Stateline’s Pamela M. Prah examines the truthiness of the GOP’s favorite argument for block granting the Medicaid program: it worked in welfare reform. In 1996, the Congress passed and President Clinton signed a major overhaul of the welfare program, transforming it from a guaranteed entitlement into a block grant structure where “states are essentially given a set amount of money and allowed to use it as they wish.” “The amount has stayed level since 1996,” Prah notes.
Republicans would do something similar to the Medicaid program: convert the program’s matching rate financing structure — under which the federal government pays 50 to 75 percent of each state’s Medicaid costs — into a block grant system that would allow for greater state control to manage a set “block” of federal dollars that would not keep up with projected health care costs.
The comparison isn’t perfect, but the outcomes may be comparable. As Prah reports, under welfare reform, the government is saving money, but “families who need help are not being served.” “The Center on Budget and Policy Priorities says that before TANF, the federal government and states were helping 75 out of every 100 families with children who lived in poverty. That number, the center says, dropped to 28 families for every 100 in poverty in 2008-09. In seven states, according to the center, TANF served fewer than 10 families for every 100 in poverty.”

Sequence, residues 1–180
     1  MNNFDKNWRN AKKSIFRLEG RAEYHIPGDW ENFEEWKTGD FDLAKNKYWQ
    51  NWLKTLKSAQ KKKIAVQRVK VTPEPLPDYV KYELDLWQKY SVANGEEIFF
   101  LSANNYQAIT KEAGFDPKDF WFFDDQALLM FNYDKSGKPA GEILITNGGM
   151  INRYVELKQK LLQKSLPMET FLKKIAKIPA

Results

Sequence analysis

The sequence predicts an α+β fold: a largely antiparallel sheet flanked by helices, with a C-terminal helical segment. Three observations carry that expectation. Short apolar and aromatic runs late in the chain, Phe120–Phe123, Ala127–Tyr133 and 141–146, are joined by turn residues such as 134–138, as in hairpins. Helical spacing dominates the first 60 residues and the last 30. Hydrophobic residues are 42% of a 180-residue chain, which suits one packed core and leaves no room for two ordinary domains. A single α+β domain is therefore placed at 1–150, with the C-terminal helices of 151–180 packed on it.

Similarly, the GOP’s latest Medicaid block grant proposal reduces Medicaid funding by $1.4 trillion over the next decade — the federal government would spend less money, but cover fewer people. Up to 44 million beneficiaries could lose their Medicaid insurance, a Kaiser Family Foundation estimate recently concluded, a number that could potentially increase during economic downturns. It’s a pattern that’s familiar to welfare reform. When the economy was strong, earnings among single-parent families increased, even though most families remained near the poverty line. Once it slowed, employment fell and poverty increased, but the caseload numbers have flat-lined.